Most often the petitions to ban books have to do with the perceived sexual content of the books, or the perceived “homosexual agenda” of the author or of the librarian(s) who stand against the banning.
What books are regularly attacked? Well, in Vero Beach, Florida, a book called “Am I Blue? Coming Out from the Silence,” by Marion Diane Bauer is one. This book was singled out for attack because three library patrons objected to it being displayed. Other books banned in Vero Beach included “Baby Be-Bop,” “Girl Goddess #9,” “I Was A Teenage Fairy,” ” Weetzie Bat Boy,” “Postcards From No-Man’s Land” and “The Rose and the Beast.” In what might be characterized as over-kill, the banning of these books also prompted the town fathers to pass an ordinance forbidding county government from acknowledging or promoting gay pride and events.
“Am I Blue” was banned in an Arkansas town also, partly because its proceeds were ear-marked for Parents and Friends of Lesbians and Gays. (PFLAG) The Oklahoma House of Representatives passed a resolution calling for the removal of all children’s books that refer to a gay character or a gay family. This however did not have the force of law .
It isn’t only gay or lesbian content that has raised the ire of those who would seek to censor books. The following list is made up of books that have suffered the same indignity, and the State in which the banning attempt has been made.
“I Know Why the Caged Bird Sings” By Maya Angelou – Kansas
“One Flew Over The Cuckoo’s Nest” by Ken Keysey – Kansas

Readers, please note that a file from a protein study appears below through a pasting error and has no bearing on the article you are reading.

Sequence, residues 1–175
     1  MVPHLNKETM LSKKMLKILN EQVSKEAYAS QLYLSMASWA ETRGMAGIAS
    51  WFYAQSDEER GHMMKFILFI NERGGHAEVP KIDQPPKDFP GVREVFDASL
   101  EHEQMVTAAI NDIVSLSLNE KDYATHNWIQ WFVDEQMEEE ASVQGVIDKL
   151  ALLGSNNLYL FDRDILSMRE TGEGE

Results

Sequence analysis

“To Kill A Mockingbird” by Harper Lee – California (The Play was banned by a High School in Alaska.)
The “Anastasia” series by Lois Lowry – Florida
“All The Pretty Horses” by Cormac McCarthy – Kansas
“Beloved” by Toni Morrison – Kansas, Arkansas
“Harry Potter” series by J.K. Rawling – Michigan
“The Catcher In The Rye” by J. D. Salinger – Maine
“America (The Book)” by Jon Stewart – Mississippi (Wal-Mart also refused to carry the book.)
“Roll of Thunder, Hear Me Cry” by Mildred D. Taylor – Florida
“The Adventures of Huckleberry Finn” by Mark Twain – Washington
“Montana – 1948” by Larry Watson – Oklahoma
“Black Boy” by Richard Wright – Kansas
This is by no means a complete list of those books currently under fire in the United States, and the reasons for their banning are the same as have been the case throughout history. The list above contains several books that have become classic and are revered by the reading public. Yet to the eyes of the would-be censor, a line in a book that they find objectionable means the book should be hidden from the eyes of all readers. We have not yet learned that we cannot censor ideas, all we can do is educate, and education demands that access to these very ideas that engender fear or hatred must be read and discussed and defused. It is through availability and familiarity that we can put aside the rancor that persists in generation after generation, we can be open to discussion and we can put aside the self-appointed censor and become master of our own moral life.
The banning of books by church, school or government is a heinous act of violence perpetrated against the intellect of every reader and every potential reader. If the reader is adult, there should be no limits in literature. If the reader is a child, then age appropriate reading should not be censored, but rather education should be available regarding the intent and interpretation of what is read.
By: The David
Holding the book and perusing the page is a part of the true reader’s ritual. It is a part of the pleasure of reading.